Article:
The Hans Christian Andersen Award

1992 - Virginia Hamilton

Born: 12 March 1934, Yellow Springs, Ohio, United States

Died: 19 February 2002

Author's quote: "The books from which [children] learn must reflect movement and change all of the infinite possibilities of minds at liberty. "

Field: Children's Literature

Prize share: 1/1


Books Written By Virginia Hamilton


About Virginia Hamilton

Virginia Esther Hamilton was an African-American author of children's books. She wrote 41 books, including M. C. Higgins, the Great, for which she won the U.S. National Book Award in category Children's Books and the Newbery Medal in 1975.

Named for her grandfather's home state, Virginia Hamilton grew up in Yellow Springs, Ohio among a sprawling extended family, many of whom owned neighbouring farms where the young Virginia was welcome. Her family encouraged her to read and write widely.

She attended Antioch College and then transferred to Ohio State University.

She met the poet Arnold Adoff while living in New York, and married him in 1960. The two would later return with their children to live on the farm where Hamilton was raised, which her family had owned since the 1850s.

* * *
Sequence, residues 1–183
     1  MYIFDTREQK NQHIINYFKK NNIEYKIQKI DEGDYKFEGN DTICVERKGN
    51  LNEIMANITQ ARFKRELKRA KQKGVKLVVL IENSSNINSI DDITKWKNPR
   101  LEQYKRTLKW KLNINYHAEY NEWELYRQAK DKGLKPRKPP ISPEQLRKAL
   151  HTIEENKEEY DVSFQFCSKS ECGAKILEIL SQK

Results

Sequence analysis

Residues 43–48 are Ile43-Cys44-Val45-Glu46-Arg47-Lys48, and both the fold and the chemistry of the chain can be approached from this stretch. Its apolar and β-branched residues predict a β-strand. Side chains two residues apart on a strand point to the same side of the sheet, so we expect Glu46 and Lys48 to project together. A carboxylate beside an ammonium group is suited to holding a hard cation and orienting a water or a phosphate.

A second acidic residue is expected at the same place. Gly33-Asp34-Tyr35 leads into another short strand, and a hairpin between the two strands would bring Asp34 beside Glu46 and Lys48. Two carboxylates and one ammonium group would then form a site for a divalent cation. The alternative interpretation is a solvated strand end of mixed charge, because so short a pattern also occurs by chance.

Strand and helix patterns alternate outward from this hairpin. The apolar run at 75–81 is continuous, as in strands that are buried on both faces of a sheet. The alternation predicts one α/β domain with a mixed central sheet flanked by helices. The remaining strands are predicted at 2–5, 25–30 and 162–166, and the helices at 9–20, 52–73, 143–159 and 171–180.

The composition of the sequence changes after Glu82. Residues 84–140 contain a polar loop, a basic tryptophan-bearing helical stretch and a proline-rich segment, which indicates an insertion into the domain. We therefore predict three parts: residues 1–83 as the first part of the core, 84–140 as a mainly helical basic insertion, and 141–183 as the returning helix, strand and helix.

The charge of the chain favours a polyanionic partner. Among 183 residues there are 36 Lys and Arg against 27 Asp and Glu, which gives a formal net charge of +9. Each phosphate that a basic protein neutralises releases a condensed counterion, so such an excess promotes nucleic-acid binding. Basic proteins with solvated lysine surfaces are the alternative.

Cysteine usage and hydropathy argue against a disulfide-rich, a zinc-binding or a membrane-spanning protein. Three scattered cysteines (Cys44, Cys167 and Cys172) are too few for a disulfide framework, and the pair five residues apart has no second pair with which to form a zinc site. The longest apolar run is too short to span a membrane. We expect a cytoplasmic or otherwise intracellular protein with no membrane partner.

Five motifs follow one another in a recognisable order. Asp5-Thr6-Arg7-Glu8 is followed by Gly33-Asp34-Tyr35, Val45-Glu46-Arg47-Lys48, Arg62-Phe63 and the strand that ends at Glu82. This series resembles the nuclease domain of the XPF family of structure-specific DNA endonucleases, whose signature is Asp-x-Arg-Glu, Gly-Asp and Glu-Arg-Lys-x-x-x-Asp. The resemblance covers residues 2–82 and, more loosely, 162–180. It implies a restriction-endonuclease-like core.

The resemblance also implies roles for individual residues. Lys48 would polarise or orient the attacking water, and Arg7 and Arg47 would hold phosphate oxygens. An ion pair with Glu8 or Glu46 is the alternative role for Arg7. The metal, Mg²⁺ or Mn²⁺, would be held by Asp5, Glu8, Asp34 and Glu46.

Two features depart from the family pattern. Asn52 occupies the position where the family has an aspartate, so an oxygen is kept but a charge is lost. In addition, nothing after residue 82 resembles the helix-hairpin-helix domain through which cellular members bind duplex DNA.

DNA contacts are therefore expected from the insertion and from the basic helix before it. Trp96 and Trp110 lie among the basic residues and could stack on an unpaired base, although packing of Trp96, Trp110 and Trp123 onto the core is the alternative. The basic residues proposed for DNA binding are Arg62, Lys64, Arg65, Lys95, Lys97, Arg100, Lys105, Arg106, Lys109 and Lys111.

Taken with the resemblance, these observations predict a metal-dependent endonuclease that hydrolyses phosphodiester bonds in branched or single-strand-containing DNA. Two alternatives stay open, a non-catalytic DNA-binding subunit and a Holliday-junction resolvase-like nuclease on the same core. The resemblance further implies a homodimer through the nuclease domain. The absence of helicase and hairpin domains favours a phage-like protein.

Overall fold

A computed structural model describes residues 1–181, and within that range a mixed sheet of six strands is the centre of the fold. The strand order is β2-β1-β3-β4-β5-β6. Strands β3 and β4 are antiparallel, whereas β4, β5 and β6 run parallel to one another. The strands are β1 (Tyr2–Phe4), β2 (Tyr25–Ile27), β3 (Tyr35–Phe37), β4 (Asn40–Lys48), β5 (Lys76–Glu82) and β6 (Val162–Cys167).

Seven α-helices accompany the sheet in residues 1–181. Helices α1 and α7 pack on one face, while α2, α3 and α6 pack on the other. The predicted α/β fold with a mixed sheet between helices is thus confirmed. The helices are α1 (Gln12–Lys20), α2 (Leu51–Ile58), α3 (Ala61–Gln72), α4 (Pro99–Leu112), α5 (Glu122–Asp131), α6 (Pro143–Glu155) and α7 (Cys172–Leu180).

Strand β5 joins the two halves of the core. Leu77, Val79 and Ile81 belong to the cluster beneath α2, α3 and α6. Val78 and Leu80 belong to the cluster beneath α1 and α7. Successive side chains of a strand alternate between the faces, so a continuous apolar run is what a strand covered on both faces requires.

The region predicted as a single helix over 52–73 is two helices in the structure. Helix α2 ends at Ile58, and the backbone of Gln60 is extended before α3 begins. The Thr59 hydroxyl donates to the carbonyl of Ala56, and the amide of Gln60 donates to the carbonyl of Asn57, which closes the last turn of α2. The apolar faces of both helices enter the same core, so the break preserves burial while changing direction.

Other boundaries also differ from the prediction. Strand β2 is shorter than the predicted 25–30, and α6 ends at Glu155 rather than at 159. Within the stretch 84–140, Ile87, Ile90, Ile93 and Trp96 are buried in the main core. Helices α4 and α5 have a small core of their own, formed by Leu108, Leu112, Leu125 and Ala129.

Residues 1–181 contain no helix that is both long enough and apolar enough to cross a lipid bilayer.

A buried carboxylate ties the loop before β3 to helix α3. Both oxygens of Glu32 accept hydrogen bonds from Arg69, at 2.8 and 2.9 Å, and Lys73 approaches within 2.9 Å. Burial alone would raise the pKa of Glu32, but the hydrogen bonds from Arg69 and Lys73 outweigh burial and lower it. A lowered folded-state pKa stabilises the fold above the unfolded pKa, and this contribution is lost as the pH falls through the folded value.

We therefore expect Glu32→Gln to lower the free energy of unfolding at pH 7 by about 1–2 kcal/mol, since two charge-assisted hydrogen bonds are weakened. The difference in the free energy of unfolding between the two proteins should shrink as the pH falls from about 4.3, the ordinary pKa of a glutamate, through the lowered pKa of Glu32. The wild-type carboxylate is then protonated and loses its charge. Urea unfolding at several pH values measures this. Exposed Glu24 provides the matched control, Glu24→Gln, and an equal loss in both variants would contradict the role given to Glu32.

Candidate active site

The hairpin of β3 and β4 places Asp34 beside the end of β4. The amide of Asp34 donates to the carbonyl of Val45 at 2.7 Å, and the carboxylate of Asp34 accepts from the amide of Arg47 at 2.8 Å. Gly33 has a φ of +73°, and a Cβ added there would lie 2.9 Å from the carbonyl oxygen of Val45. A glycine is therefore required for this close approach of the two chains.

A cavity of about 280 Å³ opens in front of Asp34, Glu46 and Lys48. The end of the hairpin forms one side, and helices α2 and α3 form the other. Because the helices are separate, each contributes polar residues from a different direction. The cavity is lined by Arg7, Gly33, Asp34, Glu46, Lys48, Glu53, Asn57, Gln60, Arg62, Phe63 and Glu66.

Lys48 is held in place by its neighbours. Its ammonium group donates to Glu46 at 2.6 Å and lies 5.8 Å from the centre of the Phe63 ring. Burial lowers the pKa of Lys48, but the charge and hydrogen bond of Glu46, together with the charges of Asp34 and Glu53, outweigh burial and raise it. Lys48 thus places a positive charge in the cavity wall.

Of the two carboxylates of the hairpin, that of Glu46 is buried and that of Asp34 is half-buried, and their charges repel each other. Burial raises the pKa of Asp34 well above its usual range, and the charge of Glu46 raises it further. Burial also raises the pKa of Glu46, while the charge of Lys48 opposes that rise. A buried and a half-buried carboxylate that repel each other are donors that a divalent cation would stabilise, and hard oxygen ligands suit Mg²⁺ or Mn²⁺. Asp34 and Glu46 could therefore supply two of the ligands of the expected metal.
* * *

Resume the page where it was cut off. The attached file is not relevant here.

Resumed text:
Hamilton's first book as a child was "The Novel". In 1967, she published Zeely.

Hamilton died of breast cancer on February 19, 2002, in Dayton, Ohio although she was a resident of Yellow Springs.[8] Three books have been published posthumously: Bruh Rabbit and the Tar Baby Girl (2003), Wee Winnie Witch's Skinny (2004), and Virginia Hamilton: Speeches, Essays, and Conversations, edited by Arnold Adoff and Kacy Cook (2010).


Reviews

The People Could Fly: The Picture Book - Virginia Hamilton

By Rosaline Arthur

I loved this book since I was a little girl and decided to order this book for my little one to read as well. I love anything by Virginia Hamilton, fantastic author!

 

The People Could Fly: The Picture Book - Virginia Hamilton

By Veronica

I have been trying to find out how to introduce my son to black history. I saw this book at the library and decided to check it out. Just curious. I don't care much for most African American books because...I don't know. Most seem boring? It doesnt grasp my sons attention. This book was so well written. My son was so absorbed. A little dismayed due to their plight, but he wanted me to keep reading. I am ordering it to add it to my collections. Job well done Virgina.